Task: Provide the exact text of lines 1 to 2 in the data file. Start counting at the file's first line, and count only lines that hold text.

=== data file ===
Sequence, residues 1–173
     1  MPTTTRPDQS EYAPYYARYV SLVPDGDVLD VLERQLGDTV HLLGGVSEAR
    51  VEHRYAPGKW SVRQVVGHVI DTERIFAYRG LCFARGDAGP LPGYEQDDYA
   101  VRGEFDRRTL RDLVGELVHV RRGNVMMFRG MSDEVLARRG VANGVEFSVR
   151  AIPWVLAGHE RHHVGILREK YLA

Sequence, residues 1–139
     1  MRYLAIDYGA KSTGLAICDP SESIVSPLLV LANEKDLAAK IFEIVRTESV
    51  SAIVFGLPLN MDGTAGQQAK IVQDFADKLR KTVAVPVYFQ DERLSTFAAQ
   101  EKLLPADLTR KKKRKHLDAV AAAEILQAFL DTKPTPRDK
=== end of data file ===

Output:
Sequence, residues 1–173
     1  MPTTTRPDQS EYAPYYARYV SLVPDGDVLD VLERQLGDTV HLLGGVSEAR